Bob Arum said Julio Cesar Chavez could fight Brian Vera next, and eventually, Andre Ward.
Allakhverdiev flattens Mabuza in four rounds
In a battle of fringe junior welterweight contenders, undefeated Russian standout Khabib Allakhverdiev stopped Kaizer Mabuza at 1:03 of the fourth round. The bout was the headlining feature of a five-fight card in Moscow on Wednesday.
Khabib Allakhverdiev was supposed to be facing Kendall Holt, and he fought like a man annoyed by the change of plans.
In a battle of fringe junior welterweight contenders, Allakhverdiev stopped Kaizer Mabuza at 1:03 of the fourth round. The bout was the headlining feature of a five-fight card in Moscow on Wednesday.
Two weeks ago, it was announced that that scheduled clash with Holt would not take place after the American ran into some visa issues. Mabuza was soon listed as a replacement, and his respectable pedigree and size advantage were perceived to be a reasonable challenge on late notice.
The Russian southpaw dispelled that notion early on, whacking Mabuza with body shots around his tight guard. Late in the first round, a cuffing right hook sent the visitor to the canvas, although balance may have been the main culprit.
Allakhverdiev (17-0, 8 knockouts) continued to outclass Mabuza in the second round, notably pushing him back with a hard left uppercut when the fight found itself in close quarters for the first time.
Mabuza, 32, Johannesburg, South Africa had his best moments late in the third round, when his plodding attack finally caught up to his opponent and gave him the chance to wind up and land a few hard body shots.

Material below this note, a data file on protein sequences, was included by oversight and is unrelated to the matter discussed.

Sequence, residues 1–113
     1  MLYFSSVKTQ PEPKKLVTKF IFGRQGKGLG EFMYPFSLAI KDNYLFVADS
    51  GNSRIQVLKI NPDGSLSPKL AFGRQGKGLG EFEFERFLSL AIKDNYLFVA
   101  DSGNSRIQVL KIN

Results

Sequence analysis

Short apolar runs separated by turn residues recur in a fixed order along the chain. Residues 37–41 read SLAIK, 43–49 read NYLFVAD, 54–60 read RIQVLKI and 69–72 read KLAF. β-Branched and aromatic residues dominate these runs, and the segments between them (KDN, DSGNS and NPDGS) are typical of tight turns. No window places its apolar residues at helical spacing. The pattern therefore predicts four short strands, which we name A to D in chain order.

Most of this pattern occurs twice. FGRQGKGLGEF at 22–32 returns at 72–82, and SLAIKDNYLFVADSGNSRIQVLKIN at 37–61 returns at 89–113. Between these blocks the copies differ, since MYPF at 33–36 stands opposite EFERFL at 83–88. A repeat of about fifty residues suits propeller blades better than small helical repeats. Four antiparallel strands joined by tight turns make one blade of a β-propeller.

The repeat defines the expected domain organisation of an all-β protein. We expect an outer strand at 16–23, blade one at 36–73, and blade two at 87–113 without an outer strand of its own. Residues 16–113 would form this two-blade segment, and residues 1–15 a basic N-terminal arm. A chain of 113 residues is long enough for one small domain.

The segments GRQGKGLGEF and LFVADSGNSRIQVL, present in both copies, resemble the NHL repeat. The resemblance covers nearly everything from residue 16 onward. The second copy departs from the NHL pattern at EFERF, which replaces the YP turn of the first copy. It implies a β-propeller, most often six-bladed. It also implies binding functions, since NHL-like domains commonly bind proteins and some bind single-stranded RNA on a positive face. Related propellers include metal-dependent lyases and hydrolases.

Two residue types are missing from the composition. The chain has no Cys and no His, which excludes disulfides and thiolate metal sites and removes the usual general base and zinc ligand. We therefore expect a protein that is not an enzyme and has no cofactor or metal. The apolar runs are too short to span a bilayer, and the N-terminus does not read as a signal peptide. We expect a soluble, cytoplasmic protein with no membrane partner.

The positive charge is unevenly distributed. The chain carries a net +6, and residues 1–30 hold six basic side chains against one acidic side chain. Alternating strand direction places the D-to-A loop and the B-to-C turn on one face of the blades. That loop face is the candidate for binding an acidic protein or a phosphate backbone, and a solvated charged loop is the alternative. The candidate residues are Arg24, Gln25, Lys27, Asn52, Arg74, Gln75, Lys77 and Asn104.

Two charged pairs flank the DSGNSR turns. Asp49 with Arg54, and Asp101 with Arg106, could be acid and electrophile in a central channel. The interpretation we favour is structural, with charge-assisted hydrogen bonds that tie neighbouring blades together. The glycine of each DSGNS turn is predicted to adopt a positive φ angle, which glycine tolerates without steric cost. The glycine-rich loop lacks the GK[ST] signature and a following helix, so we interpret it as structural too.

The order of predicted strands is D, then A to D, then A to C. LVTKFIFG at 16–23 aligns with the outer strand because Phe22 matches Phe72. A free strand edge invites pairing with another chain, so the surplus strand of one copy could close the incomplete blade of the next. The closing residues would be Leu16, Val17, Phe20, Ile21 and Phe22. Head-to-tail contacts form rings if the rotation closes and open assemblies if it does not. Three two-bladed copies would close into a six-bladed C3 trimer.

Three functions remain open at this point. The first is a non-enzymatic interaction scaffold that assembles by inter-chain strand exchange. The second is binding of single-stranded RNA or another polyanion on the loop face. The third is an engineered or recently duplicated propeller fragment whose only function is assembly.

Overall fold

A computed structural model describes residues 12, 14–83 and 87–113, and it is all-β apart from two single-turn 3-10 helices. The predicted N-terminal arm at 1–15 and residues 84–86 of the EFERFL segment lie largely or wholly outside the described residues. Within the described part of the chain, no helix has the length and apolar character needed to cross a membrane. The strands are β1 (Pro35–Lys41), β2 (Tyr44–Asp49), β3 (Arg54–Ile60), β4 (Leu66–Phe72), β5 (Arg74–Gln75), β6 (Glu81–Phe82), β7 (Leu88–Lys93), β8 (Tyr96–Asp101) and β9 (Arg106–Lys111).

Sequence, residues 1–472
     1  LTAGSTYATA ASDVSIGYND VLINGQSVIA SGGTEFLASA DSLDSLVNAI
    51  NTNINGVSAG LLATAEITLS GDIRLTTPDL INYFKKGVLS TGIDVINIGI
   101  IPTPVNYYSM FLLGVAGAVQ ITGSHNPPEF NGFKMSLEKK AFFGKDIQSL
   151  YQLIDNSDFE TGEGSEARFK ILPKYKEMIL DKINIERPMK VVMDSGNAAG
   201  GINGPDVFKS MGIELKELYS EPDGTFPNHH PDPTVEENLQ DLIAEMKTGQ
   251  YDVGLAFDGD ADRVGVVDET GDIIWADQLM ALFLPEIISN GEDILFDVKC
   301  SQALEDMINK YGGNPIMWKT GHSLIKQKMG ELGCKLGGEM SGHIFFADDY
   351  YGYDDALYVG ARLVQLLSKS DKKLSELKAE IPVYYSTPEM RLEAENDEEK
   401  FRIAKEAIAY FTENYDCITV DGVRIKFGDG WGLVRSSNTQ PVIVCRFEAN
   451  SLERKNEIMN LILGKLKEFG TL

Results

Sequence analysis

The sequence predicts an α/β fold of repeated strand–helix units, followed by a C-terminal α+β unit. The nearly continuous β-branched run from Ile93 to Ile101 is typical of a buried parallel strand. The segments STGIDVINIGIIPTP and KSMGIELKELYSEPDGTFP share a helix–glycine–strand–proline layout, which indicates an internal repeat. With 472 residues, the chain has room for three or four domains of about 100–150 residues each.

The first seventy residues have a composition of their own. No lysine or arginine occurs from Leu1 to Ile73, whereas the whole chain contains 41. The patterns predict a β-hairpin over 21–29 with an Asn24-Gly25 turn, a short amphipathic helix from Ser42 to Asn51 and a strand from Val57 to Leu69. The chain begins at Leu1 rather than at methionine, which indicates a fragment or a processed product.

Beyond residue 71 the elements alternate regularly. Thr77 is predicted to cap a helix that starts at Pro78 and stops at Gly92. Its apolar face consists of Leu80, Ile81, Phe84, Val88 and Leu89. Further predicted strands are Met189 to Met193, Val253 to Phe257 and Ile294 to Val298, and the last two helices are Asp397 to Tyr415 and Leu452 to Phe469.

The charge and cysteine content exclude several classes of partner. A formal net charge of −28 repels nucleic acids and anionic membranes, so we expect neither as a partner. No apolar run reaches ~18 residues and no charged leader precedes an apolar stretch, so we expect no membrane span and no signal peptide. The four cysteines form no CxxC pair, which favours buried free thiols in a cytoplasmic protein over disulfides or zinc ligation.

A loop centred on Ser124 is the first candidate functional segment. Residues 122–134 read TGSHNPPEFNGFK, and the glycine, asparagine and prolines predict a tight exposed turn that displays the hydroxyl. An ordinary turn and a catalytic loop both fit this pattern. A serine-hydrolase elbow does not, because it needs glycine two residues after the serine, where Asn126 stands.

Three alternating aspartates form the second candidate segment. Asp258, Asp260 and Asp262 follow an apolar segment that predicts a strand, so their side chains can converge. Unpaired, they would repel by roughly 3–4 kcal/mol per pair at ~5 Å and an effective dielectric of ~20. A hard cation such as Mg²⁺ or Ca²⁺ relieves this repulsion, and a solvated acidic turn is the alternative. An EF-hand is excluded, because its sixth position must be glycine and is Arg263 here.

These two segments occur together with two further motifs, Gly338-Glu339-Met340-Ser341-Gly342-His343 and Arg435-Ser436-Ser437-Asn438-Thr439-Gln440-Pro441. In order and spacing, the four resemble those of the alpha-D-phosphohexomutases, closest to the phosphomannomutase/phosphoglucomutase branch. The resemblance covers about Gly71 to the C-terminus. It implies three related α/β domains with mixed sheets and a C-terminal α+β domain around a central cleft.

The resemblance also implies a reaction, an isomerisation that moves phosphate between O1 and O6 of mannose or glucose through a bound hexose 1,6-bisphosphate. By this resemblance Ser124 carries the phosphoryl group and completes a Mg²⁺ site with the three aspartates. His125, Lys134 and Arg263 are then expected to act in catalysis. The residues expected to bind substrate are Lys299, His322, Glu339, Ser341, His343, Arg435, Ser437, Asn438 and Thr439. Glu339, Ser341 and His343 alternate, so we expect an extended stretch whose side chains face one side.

Perhaps the fleeting success gave him too much confidence.
Mabuza (24-9, 15 KOs) walked right in to a sharp left hand counter in the fourth, with Allakhverdiev stationed along the ropes. The South African was on unsteady legs and confined to the corner, where “The Hawk” kept his pray, and laid him flat out after a devastating combination.
With the win, Allakhverdiev captured the lightly regarded IBO trinket. More importantly, the 29-year-old boxer-puncher from Derbent, Russia puts himself in a position for a possible clash with THE RING’s No. 5 junior welterweight Zab Judah. The former two-division titlist was in Russia during fight week as part of a promotional “reunion” with Allakhverdiev’s trainer Kosta Tszyu, whom he lost to in 2001.
According to a report by BoxingScene, Vladimir Hryunov, who manages Allakhverdiev, had already contacted Judah’s promoter Main Events about a possible clash earlier this year.
On the night’s undercard, Russian cruiserweight contender Grigory Drozd stopped Fabio Garrido in the first round. Drozd lost to Firat Arslan in a WBA eliminator back in 2006, but has since climbed his way back into title contention, mostly with victories over journeymen and domestic talent. He has recently told local reporters that he wants to race Arslan once again in August.
Follow Corey Erdman on Twitter @corey_erdman